The fat is now in the fire. A group has taken the Catholic Church into Federal court to protest its tax exemption. The reason? The Church has taken a public stand against abortion. The abortion issue is political, and therefore involves legislation, the plaintiffs assert. The Internal Revenue Code says that tax-exempt organizations that are involved in political lobbying must lose their tax-exempt status. Therefore . . .
A district court denied the claim, and the case has been appealed to the U.S. Supreme Court. The Court has decided to hear it. The justices will probably do their best to find some way to decide the case on narrow technical grounds in favor of the Church. The political repercussions of removing the Church’s tax-exempt status would be immense. It is unlikely that the Court will require this. But then how will the Court uphold the IRS principle of allowing tax exemption only for non-political (non-lobbying) organizations? The Court has a real problem.
There is no doubt that some priests have preached from the pulpit that abortion violates the law of God and is therefore immoral. There is no doubt that the Church has been active in trying to get legal limits placed on abortions. The Catholic Church is identified with the anti-abortion issue, even though not many of its parish priests have been active in the right-to-life movement. (if Catholics voted as a bloc on this issue, and consistently voted against all incumbent politicians who publicly compromised on this issue, abortion would no longer be a major political issue in the U.S.; it would be made illegal.)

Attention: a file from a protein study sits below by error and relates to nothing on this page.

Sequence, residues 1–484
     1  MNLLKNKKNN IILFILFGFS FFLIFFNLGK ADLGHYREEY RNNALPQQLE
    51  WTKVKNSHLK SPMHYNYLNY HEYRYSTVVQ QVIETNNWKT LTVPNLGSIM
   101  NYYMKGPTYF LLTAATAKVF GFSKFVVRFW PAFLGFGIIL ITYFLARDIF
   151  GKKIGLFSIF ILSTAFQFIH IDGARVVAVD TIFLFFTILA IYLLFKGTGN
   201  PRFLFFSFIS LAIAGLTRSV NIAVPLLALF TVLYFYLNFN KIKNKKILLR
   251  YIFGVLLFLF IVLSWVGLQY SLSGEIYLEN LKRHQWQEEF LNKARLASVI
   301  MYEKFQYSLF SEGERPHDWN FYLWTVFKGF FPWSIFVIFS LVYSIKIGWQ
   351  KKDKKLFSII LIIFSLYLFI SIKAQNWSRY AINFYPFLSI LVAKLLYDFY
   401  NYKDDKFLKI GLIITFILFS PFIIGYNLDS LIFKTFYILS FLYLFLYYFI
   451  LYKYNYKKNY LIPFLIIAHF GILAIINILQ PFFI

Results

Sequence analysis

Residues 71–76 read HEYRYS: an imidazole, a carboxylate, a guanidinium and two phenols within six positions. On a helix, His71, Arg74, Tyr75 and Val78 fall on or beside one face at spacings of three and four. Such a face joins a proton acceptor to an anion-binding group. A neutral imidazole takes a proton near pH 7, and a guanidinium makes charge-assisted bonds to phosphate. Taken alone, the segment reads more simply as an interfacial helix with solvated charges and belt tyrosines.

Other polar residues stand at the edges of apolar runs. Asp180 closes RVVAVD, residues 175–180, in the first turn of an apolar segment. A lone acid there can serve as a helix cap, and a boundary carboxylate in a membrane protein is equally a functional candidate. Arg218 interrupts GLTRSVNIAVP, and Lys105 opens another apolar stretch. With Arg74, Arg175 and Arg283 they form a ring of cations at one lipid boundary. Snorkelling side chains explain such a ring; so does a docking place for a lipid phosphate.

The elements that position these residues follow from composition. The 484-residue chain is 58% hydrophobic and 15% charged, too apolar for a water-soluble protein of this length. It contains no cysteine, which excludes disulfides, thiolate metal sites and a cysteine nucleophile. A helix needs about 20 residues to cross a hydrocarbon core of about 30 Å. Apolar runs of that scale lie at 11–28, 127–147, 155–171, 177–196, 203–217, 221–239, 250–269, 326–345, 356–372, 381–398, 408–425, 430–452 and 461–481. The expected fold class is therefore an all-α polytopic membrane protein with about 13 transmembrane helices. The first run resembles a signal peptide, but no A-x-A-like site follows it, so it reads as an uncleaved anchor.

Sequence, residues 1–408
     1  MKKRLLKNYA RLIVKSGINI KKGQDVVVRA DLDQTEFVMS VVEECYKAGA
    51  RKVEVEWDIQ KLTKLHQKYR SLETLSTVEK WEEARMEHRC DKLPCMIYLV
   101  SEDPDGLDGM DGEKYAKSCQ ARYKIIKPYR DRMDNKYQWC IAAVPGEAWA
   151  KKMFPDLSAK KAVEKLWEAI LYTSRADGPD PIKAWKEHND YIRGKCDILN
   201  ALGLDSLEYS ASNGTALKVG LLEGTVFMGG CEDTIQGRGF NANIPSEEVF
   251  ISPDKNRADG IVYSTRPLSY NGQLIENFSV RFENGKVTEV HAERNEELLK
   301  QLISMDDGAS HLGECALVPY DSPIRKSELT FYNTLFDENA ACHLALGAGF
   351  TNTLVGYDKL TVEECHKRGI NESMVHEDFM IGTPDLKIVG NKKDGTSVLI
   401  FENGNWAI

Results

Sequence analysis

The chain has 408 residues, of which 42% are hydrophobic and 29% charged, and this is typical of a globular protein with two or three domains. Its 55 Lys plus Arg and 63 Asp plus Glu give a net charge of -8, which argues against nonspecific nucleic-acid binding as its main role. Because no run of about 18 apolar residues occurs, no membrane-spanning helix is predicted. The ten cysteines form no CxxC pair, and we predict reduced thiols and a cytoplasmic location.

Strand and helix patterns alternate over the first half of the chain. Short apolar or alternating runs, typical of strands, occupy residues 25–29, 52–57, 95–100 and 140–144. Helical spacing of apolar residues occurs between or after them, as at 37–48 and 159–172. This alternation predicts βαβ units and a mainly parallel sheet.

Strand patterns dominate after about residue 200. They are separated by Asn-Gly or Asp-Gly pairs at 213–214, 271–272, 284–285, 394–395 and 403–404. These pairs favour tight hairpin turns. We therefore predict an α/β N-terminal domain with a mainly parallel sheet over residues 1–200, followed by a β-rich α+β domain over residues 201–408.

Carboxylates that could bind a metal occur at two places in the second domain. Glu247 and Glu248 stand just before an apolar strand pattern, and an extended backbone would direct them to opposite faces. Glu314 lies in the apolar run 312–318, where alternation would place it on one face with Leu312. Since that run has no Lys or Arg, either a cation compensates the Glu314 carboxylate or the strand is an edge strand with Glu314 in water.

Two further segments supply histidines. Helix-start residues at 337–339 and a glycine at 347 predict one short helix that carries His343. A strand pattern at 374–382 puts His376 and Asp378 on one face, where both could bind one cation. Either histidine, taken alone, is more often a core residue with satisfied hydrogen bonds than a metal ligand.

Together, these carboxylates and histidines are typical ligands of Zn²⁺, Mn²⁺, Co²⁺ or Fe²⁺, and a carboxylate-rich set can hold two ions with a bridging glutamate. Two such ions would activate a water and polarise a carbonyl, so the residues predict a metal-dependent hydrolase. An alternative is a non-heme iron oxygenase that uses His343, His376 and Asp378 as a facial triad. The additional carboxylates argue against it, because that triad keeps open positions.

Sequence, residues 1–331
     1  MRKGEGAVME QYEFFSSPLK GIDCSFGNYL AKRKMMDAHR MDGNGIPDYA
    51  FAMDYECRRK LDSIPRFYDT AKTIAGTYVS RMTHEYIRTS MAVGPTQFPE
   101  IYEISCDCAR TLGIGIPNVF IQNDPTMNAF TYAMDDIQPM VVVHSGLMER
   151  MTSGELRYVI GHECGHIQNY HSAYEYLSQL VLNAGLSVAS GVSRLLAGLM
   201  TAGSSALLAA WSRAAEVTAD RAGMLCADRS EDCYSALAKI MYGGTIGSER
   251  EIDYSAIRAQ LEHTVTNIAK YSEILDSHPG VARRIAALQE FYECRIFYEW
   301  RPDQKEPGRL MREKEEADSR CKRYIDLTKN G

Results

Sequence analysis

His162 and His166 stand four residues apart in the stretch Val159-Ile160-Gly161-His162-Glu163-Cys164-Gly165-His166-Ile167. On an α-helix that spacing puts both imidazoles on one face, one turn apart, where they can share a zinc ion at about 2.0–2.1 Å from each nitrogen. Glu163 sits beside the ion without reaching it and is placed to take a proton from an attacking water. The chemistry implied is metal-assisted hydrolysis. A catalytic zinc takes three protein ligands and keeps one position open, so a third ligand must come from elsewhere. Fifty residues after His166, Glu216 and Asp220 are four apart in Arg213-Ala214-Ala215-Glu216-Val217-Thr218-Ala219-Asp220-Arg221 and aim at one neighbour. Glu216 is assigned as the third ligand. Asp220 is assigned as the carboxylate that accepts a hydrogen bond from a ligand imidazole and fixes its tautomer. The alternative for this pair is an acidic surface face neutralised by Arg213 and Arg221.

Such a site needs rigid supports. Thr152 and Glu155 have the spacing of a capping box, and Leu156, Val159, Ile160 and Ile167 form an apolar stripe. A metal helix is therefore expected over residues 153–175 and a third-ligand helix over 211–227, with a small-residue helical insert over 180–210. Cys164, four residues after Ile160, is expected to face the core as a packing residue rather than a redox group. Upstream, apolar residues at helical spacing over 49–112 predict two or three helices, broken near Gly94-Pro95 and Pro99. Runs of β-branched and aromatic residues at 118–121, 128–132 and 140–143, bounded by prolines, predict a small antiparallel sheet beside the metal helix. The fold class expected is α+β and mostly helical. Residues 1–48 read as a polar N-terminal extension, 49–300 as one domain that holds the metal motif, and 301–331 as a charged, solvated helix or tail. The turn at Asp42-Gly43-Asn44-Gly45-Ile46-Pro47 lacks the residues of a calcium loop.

The Court must deal with a fundamental constitutional question. It must find a solution to the question: is the tax exemption of churches sacrosanct — a sacred sanctuary — or is it merely a privilege granted by the IRS to those churches that conform their preaching and activities to guidelines in the Internal Revenue Code? Ultimately, this is the issue the Court must deal with: Which is the sovereign agent, church or State, or are both equally sovereign? Legal sovereignty in this case is visibly manifested in an institution’s legal ability to escape taxation. The church clearly cannot legally tax the State. Can the State legally tax the church? This issue has been debated for centuries in the West, and the issue has obviously not yet been settled.
Taxation and Sovereignty
“The power to tax is the power to destroy.” So said Chief Justice John Marshall in his famous decision in the case, M’Culloch v. Maryland (1819). The state of Maryland had imposed a tax on all bank notes issued by banks not chartered by the state of Maryland. M’Culloch, the cashier of the branch Bank of the United States in Baltimore, refused to pay the tax. Two legal questions were involved:
First, did the U.S. government have the right to charter a private bank? Second, was a state tax on such a bank constitutional?